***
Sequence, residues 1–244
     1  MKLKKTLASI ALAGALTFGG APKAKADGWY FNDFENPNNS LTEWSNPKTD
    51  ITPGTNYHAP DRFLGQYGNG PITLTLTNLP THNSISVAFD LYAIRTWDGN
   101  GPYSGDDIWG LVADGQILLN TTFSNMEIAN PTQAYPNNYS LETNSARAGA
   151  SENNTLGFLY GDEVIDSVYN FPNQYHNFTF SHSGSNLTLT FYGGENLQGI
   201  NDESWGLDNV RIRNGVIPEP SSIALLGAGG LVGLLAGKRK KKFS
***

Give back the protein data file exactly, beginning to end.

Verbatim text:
Sequence, residues 1–244
     1  MKLKKTLASI ALAGALTFGG APKAKADGWY FNDFENPNNS LTEWSNPKTD
    51  ITPGTNYHAP DRFLGQYGNG PITLTLTNLP THNSISVAFD LYAIRTWDGN
   101  GPYSGDDIWG LVADGQILLN TTFSNMEIAN PTQAYPNNYS LETNSARAGA
   151  SENNTLGFLY GDEVIDSVYN FPNQYHNFTF SHSGSNLTLT FYGGENLQGI
   201  NDESWGLDNV RIRNGVIPEP SSIALLGAGG LVGLLAGKRK KKFS